Supporting AHEC, as folks and local media drilled down to the nitty-gritty, seems to have been just a smokescreen as, now, it appears that a much more extensive project – supporting well-heeled alumni, UNC corporate clients, AOPA members, local pilots and some vague mix of commercial interests – with a bigger facility is in the offing. To justify this vast extension, UNC has suggested great public benefit – to the tune of millions. No downside – environmental, community or other – has been mentioned (it’s all roses).

As CitizenWill readers might remember from previous comments, I found UNC’s consultants Talbert & Bright’s 2008 report of an economic impact of $40 million to $53 million a year ridiculous and near insulting to our community’s intelligence.

I’ve asked (letter here) the Orange County Board of Commissioners to appoint me as one of their three community representatives to UNC’s new Airport Authority to help bring objective standards to any decision on building and siting – if necessary – an appropriately sized facility for the originally constrained purpose.

I have a number of reasons, one of which, as the Chapel Hill News recently reported, was the terrible precedent of granting open-ended power of eminent domain to a University:

Will Raymond, a former candidate for Town Council, says the decision to form an airport authority was “a terrible mistake by our legislature.”

“Setting this precedent, for reasons good or bad, will probably make policy interactions with UNC-CH more difficult in days to come,” he said in a letter to the Orange County commissioners. “Essentially, the legislature has issued UNC a huge hammer, with the power of eminent domain, that I believe should be reserved exclusively to elective government.”

Are we to think that this power will be reserved only for UNC-Chapel Hill?

Beyond maintaining due vigilance, as a member of the Authority, in the exercise or threatened exercise of the awesome power of “public taking”, I will do my best to document the Authority’s deliberations, publish as much of the supporting documentation as possible and provide an analysis, of course from my own viewpoint, of the progress being made. More importantly, I will work to be a conduit for the wider community’s concerns about the process, the suitability of sites and other relevant issues. I’m sure that both the appointed elective officials and UNC officials will do the same, but I know I can provide community perspectives that I know will be distinct from theirs.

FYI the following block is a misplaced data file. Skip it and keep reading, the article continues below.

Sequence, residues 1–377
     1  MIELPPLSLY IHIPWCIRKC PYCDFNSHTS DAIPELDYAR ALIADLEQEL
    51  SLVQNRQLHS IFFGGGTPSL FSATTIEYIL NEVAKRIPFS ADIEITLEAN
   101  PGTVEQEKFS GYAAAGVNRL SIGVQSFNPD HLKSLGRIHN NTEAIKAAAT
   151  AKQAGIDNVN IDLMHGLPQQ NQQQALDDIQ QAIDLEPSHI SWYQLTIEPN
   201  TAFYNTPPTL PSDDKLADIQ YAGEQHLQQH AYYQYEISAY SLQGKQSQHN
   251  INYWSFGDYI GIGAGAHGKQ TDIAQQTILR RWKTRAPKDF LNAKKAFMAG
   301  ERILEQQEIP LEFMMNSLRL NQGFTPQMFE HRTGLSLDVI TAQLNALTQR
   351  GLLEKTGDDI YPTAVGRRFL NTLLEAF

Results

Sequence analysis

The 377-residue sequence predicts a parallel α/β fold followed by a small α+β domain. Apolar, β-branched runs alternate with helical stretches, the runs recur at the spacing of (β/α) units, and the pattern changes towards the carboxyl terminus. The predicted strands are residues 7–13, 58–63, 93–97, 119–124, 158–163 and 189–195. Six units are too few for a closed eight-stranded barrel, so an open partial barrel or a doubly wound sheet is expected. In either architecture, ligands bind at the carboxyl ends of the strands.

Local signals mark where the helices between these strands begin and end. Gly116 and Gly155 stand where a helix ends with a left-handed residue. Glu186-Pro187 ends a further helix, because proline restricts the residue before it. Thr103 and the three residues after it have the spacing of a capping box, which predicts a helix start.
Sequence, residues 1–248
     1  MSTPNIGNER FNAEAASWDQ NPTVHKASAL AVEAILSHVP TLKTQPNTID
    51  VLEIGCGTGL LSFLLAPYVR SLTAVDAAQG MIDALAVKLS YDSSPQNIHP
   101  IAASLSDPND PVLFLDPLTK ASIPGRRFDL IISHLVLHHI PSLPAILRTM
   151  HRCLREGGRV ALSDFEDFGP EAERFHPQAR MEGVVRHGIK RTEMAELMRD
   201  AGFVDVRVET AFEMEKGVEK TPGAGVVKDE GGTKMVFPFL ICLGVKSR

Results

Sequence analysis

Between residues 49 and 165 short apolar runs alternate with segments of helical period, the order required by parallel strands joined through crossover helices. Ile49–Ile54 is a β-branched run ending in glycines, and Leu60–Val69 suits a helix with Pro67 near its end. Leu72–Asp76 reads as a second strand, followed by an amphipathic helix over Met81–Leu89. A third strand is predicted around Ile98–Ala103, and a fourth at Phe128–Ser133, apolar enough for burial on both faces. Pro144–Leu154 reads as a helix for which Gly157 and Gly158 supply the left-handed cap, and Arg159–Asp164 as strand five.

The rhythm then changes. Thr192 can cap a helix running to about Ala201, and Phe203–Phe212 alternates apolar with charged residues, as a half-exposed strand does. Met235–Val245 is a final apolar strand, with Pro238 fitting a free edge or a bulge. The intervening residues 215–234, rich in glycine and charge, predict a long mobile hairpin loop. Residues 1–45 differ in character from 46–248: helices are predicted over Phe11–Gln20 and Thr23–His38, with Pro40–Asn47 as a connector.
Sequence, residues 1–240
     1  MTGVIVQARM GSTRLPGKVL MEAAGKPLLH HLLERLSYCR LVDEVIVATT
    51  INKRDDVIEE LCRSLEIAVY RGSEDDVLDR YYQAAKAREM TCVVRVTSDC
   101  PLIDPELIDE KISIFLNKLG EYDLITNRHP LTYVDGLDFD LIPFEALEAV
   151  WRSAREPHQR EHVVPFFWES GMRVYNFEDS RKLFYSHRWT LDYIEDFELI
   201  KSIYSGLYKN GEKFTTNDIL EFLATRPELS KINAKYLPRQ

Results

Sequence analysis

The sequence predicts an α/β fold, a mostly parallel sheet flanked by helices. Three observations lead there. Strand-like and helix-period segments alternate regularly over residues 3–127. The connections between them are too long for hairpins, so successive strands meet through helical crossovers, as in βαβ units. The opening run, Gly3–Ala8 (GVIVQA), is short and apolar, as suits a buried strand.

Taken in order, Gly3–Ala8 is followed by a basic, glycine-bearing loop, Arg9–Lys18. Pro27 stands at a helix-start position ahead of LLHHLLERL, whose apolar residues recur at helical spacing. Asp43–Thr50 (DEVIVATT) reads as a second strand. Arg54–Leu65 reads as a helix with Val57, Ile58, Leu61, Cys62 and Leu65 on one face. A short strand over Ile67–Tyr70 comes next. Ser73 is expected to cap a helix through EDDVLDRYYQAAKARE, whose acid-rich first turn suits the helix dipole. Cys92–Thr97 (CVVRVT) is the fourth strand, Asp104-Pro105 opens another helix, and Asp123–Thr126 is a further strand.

Here are some notes from this evening’s meeting.

Deonna Angelillo made initial introductions and a few comments, noting “no curtains in our neighborhood” and she wants it to stay that way. Her house is on the end of the site H runway.

Clifford Leath, whose 40 acre horse farm is on that runway, led off with a quick summary of recent history. While discussing strategy he said “we’re really fighting the state of North Carolina”, not local governments. Expressing incredulity, he outlined the 2005 estimated cost of $35M to develop site ‘H’ – a figure he and others felt underestimated both today’s costs and the required build-out of infrastructure – road-widening, electric, etc. Suggesting that the second Talbert/Bright study was commissioned “by a misguided planning person”, he emphasized that an objective analysis needed to be done.